phonons (totally 5 scattering phenomena). Scattering rates formulas are
so long that we do not want to repeat them here. The reader interested
in this issue may refer to appendix M of the reference (Singh, 1993).
Figure 1 shows the results of those that have calculated
for GaAs at 300 K. It shows the five mentioned scattering rates as a function
of the electron’s total energy. The total energy can be calculated using
the following formula:

Fig. 1: 
Electron’s scattering rates in the gamma valley of GaAs
at T = 300K as a function of its total energy 

Fig. 2: 
Imaginary potential obtained from the Eq.
7 (black circles) as a function of position along the RTD’s well
for T = 300K at different biases (from 0V to 0.5V) and different wavevectors
(corresponds to different electrons at the contact) in comparison
with the imaginary potential obtained from the mobility (solid line) 
In this formula, the first term is the kinetic energy of electron at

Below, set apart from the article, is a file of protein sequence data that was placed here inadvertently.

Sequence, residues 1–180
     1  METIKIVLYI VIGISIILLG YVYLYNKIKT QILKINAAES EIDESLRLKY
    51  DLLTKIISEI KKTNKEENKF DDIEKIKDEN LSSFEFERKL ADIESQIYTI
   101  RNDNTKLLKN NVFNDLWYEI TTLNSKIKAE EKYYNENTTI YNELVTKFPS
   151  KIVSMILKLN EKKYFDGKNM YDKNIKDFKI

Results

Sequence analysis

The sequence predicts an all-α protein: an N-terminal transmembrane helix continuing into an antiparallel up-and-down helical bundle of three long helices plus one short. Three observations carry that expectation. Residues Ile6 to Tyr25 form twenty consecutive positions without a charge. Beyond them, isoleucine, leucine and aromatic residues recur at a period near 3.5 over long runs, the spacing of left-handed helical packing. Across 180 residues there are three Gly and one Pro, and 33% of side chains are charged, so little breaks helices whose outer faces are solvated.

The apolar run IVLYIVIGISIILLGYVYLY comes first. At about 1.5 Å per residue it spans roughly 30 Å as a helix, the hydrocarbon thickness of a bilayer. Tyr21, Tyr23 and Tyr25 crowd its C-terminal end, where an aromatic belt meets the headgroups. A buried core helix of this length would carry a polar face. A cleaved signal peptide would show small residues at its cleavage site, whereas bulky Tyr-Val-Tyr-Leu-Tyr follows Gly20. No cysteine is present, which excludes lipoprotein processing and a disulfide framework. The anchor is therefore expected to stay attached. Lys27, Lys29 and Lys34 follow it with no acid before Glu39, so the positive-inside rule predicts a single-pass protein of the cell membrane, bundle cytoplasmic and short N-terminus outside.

the contact. The second term is due to two electron’s transverse degrees
of freedom and the third term is due to the potential energy. The imaginary
potential finally becomes:
The imaginary potential term calculated in this way has its full dependency
on bias (via third term in Eq. 6), position (also via
the third term of Eq. 6) and temperature (via second
term of Eq. 6) and obviously is more reliable than a
simple scalar term.
To show the scale of changes of the imaginary potential made by our model,
we drew Fig. 2. In this figure, the horizontal axis